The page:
I’m by no means suggesting that philosophy is unbounded—it, too, is bounded by the limits of theory and human understanding, as well as the limits of reason itself. But philosophy extends as far as any human endeavour might ever possibly extend.

And, philosophy has no qualms about being prescriptive. In fact, whole branches of philosophy are concerned with discovering the roots of our moral values and directing us towards pursuing their ends—well, not so much since G.E. Moore—but that’s the idea. Philosophy might have been relatively unproductive of late, but it’s still our best tool for the big job ahead.

The Great Adventure

Which brings me to my conclusion: the greatest philosophical endeavour of this century will be to find a workable, rational, scientifically-compatible moral and values system that doesn’t evoke the supernatural and can serve as a replacement for religion in our society. The Great Quest for a secular morality.

The beginnings of such an endeavour are out there. Indeed, the first phase is well underway. That is the acknowledgment that religion is no longer suitable as a moral compass in the modern world. Religion cannot hope to answer the moral questions that face humanity—gene therapy, artificial intelligence, transhumanism, climate change, overpopulation—with its current method of arbitrarily drawing a line under why after a few steps. Should we continue with religion as our moral compass, we will be doomed to more abhorrent moral proclamations that will only serve to increase the amount of suffering on this planet, and possible even expedite our departure from it.

Yet, phase one has simply replaced religion with a vacuum: atheism. By its very nature, atheism is a negative thesis. It simply states that there are no gods, no supernatural phenomena. But it doesn’t offer an alternative explanation, or an alternative value system in its place.

And it’s not enough to promote libertarianism or existentialism as alternatives. We humans need a moral compass, we need guidance—now more than ever. The world is an astoundingly complex place, and even learning the basic science necessary to have a broad understanding of how the world functions is a life’s achievement. We can’t expect each and every individual to be a lantern unto themselves when it will ultimately lead to each of us clumsily reinventing the wheel or a regression into empty hedonism.

We need a moral compass. We need a source of values. We need guidance and advice on how best to live a good life; how best to find happiness and fulfillment. But we can’t afford to let that advice come from any doctrine that appeals to the supernatural or contradicts our best scientific knowledge.

When might we see a suitable secular philosophy that can serve as our moral compass? I have no idea. But the sooner we acknowledge that atheism isn’t the end, but the beginning of this quest, and the more people we have actively discussing, debating, drafting such a philosophy, the better for all humanity.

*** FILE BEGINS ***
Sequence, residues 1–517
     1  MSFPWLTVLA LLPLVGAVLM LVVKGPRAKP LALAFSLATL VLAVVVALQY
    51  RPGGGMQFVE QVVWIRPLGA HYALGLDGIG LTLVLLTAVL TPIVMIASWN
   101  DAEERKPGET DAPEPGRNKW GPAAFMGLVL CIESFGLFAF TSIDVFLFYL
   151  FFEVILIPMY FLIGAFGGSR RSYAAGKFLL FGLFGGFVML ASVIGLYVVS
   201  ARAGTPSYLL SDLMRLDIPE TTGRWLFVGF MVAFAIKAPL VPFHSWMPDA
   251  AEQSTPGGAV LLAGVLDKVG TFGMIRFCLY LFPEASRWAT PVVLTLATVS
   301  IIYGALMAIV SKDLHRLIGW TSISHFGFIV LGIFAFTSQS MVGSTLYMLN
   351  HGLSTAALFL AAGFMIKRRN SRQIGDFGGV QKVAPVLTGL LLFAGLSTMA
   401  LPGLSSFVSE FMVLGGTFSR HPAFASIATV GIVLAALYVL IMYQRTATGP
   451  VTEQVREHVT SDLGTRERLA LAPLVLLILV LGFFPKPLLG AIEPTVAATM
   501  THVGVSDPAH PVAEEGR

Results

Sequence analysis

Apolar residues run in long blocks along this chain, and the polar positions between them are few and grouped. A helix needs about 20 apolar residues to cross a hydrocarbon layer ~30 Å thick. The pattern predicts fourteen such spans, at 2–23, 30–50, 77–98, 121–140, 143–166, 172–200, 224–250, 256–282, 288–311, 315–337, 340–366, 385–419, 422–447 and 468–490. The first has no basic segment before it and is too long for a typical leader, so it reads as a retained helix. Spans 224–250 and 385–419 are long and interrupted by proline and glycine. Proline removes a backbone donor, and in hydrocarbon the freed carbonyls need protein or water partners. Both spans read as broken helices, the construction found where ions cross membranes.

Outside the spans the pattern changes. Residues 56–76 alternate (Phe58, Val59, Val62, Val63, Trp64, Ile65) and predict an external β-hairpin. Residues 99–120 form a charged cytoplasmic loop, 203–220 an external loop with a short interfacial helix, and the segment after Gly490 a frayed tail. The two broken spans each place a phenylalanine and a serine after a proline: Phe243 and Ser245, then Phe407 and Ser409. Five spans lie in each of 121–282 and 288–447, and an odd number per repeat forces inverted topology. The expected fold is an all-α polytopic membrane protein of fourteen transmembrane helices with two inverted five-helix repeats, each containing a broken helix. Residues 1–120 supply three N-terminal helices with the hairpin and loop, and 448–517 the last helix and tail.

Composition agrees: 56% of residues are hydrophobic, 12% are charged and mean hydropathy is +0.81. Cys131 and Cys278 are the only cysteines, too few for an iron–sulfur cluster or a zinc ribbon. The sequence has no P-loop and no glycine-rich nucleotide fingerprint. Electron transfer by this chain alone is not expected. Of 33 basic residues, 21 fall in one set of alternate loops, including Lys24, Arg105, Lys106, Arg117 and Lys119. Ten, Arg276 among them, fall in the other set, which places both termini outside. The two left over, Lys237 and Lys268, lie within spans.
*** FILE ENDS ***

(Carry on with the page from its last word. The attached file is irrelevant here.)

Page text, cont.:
Thanks, Tim, for an excellent contribution and for the challenge to think deeply!


Mike Treder is a former Managing Director of the IEET.
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COMMENTS


(“I’ve heard it said that science and technology are complementary” - you mean “science and religion”)—[Corrected; thank you!]

You seem to assume a moral compass can be discovered/created. Starting from that assumption, without seriously considering the implications of failure, seems biased. Alternatively, the moral compass might be profoundly alien and socially dislocating. Consider, for instance, Scott Bakker’s semantic apocalypse.

You mention the issue of stem cells/abortion. Where do you draw the line? As far as I can tell, there is no secular solution to this problem. Say a country starts growing fetuses till 8 months of age before destroying/killing them and harvesting their bodies and brains for tissue. How is this wrong? It feels wrong but you call for a morality that rests on empirical evidence rather than faith.

As I see it, morality is a worryingly unstable phenomena. I know evolution promotes some pro-social predispositions that most of us share, but they only inform our decisions-making with regard to basic human interaction - they don’t extrapolate very far.





Yes I assume a (naturalistic) moral compass can be discovered/created. For if it can be done at all, it can be done by the right kind of philosophy. Consider the alternative - that the supernatural is the foundation of our morality. As we learn more about the natural world, this position will become increasingly untenable, if it’s not entirely untenable at the moment.

As for the Semantic Apocalypse - nice essay, that. However it looks to me like Bakker is just retelling the revelation that consciousness (and free will) are illusory from the perspective of neuroscience. But I don’t think the fact of this illusion undermines the quest for a secular morality in any way.

I’ve already posted something about why free will doesn’t matter (http://ockhamsbeard.wordpress.com/2009/01/25/why-free-will-doesnt-matter/). And I’m even comfortable with the notion that morality might be an illusion - I don’t think it undermines secular morality.

Let me put it another way by quoting that other great philosopher, Shakespeare: “There is nothing either good or bad, but thinking makes it so.” To which I would simply add: “But thinking makes it so.”